PICTOU – Across the world and right here at home, Apr. 6 marked a celebration of Scottish culture, food and dress. Tartan Day celebrations took place in Pictou with the Festival of the Tartans at the McCulloch Heritage Centre. The schedule of events included a traditional Scottish breakfast, haggis tasting, a lecture on the evolution of highland dress, a scotch tasting and a ceilidh.
Many in attendance wore simple scarves or neckties of plaid or tartan print while others wore kilts and Glengarry bonnets.
Robbie MacInnis, the pipe major for the Na Gaisgich band in Pictou, delivered the lecture on the Evolution of Highland Dress. He said the romanticism associated with Scottish dress has increased interest in the wearing of kilts and other items.
“It really started when the movie Braveheart came out,” said MacInnis. “There was a resurgence in wanting to wear Scottish dress.”
One result of this, said MacInnis, is the proliferation of cheaper, lesser-quality items. “A full wool kilt will cost you around $800 while a wool-polyester blend will only cost $85.”
Faus Johnson in Pictou led the scotch tasting session, which featured 12-, 15- and 18-year-old Glenfiddich, a Balvenie and a Grant.
“I only recently started enjoying scotch,” Johnson said. “I’ve played in pipe bands and it’s a part of the culture – a drink before to quench the throat and after to celebrate.”
His own Scottish ancestry, he said, is in the lowlands whose inhabitants were traditionally farmers unlike the warriors of the highlands.
As for scotch, Johnson said one technique for enjoying this made-in-Scotland spirit is tried and true. “Nose it, have a small taste, add a little water and enjoy all the smells and tastes.”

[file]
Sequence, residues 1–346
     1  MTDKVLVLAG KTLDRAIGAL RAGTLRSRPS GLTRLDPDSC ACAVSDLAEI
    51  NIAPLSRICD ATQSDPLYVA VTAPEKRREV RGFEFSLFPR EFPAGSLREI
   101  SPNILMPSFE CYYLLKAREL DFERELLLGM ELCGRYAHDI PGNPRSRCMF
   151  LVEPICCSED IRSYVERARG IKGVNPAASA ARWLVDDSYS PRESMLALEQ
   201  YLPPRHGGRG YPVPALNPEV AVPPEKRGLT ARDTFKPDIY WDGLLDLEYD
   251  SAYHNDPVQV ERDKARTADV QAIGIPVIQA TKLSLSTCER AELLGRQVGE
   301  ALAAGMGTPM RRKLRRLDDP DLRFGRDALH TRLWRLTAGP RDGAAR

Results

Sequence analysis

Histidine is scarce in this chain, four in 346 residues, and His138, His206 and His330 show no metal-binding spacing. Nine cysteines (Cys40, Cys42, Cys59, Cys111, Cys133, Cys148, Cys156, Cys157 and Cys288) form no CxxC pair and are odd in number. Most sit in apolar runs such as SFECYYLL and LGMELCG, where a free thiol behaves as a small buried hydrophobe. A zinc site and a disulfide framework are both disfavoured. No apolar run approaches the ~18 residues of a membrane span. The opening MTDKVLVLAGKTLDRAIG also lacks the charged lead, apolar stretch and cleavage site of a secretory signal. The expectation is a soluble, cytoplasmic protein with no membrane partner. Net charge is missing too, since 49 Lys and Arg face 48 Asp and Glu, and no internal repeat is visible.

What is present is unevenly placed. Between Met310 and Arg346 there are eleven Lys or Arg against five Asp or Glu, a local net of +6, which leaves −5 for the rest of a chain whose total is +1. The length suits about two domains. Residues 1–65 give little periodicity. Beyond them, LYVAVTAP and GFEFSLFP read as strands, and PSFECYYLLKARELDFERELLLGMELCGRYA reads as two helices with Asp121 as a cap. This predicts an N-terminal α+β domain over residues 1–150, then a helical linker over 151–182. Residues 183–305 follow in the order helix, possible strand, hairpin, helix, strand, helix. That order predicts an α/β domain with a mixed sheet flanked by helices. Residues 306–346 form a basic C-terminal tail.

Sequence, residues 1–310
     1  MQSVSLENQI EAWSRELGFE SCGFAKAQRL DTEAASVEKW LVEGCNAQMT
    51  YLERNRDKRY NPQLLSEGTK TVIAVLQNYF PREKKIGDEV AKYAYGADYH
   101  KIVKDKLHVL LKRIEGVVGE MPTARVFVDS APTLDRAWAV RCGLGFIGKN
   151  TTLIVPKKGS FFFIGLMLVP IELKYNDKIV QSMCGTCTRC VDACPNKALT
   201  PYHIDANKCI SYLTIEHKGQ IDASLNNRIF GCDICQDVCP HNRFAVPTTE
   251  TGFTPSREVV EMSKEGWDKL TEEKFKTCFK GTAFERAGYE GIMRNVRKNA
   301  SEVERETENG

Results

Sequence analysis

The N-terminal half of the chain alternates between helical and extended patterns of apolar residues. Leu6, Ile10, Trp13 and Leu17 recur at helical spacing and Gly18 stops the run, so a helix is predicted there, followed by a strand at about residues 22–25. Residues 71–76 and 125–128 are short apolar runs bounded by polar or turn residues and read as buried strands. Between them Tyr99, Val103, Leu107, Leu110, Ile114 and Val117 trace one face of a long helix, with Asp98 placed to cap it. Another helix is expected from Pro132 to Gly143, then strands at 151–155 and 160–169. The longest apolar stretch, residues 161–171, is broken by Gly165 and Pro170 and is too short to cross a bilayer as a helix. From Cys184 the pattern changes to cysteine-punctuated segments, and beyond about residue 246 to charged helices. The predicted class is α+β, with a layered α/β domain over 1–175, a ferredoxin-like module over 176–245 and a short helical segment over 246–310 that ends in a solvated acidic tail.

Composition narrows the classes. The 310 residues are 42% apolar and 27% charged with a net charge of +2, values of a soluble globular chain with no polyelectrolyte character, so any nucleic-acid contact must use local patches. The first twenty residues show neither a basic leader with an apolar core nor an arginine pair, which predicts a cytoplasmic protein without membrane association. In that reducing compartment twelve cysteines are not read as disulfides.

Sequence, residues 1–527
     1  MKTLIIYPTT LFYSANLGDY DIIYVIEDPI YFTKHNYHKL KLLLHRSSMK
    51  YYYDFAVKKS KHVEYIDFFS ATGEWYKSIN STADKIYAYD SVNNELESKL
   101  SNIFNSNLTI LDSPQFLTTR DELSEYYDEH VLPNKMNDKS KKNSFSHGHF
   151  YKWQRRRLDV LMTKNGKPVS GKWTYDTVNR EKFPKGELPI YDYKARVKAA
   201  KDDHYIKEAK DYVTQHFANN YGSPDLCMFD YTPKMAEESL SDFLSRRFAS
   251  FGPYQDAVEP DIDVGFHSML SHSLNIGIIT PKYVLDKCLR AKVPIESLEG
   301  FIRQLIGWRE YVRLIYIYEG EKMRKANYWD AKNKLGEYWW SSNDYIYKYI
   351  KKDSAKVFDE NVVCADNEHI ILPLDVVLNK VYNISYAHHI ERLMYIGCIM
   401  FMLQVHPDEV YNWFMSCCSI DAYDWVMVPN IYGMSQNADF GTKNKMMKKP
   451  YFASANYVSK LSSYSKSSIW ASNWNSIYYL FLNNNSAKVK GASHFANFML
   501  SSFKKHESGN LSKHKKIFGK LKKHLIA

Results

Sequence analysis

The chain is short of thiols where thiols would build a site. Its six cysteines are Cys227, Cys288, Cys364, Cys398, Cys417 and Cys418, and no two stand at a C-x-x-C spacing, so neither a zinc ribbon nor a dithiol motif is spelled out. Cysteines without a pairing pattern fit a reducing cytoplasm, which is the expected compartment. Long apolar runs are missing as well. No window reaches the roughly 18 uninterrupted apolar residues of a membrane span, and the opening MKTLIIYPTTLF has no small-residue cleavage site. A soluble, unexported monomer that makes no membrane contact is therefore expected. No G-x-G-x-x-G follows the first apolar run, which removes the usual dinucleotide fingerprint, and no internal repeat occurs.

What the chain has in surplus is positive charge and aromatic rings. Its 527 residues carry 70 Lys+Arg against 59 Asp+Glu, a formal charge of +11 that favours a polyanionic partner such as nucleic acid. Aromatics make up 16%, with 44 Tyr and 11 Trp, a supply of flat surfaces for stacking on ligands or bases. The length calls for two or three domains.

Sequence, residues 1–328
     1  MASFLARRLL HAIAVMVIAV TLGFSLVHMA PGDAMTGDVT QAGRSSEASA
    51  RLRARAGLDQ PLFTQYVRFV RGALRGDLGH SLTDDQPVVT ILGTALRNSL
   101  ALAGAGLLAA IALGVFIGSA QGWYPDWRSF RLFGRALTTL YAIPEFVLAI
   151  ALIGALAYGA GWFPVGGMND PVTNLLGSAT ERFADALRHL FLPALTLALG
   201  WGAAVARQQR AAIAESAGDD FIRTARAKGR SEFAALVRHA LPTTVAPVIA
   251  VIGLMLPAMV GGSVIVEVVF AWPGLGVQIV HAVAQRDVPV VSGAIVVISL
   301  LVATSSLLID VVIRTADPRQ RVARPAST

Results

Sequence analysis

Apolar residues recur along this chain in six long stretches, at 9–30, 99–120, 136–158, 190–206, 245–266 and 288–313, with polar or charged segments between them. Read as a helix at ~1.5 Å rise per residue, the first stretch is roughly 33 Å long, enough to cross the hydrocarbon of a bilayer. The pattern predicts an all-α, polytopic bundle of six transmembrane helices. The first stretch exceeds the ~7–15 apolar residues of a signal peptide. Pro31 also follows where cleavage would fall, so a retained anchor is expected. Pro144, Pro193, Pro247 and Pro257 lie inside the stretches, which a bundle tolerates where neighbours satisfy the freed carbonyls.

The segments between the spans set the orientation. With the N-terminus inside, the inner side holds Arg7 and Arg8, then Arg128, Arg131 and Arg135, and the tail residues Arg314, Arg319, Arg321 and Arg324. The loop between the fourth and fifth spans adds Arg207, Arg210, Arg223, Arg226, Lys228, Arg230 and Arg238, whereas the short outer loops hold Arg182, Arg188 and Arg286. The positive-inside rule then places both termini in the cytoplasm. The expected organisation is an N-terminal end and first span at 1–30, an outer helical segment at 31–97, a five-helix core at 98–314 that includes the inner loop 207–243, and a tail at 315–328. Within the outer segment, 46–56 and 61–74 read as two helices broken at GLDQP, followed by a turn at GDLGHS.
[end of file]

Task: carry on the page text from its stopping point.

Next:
Tartan Day in Canada, April 6th, has become a yearly event. The concept of "Tartan Day" began at a meeting of the Federation of Scottish Clans in Nova Scotia in March 1986. Members Bill Crowell and Jean MacKaracher-Watson put forward the following motion to the Federation to establish ‘Tartan Day.’
Having been started originally as ‘Tartan Day in Nova Scotia," Jean Watson approached every provincial legislative assembly in Canada, as well as other Scottish-cultural societies across Canada, to help get such a date established.
After 10 years, Tartan Day in Canada was approved in every provincial assembly by premier’s proclamation or member’s bill, the last being in the National Assembly at Québec City, where it was finally proclaimed in December 2003 – 16 years after it the first such proclamation in Nova Scotia.
April 6th in Scotland is the date of the signing of the Declaration of Arbroath in 1320, which states in part:
"...It is in truth, not for glory, nor riches, nor honours that we are fighting, but for freedom – for that alone, which no honest man gives up but with life itself..."
In Canada, Tartan Day, April 6th, Canadians are encouraged to wear tartan in commemoration of the contributions of Scots and their descendants to the fabric of our society.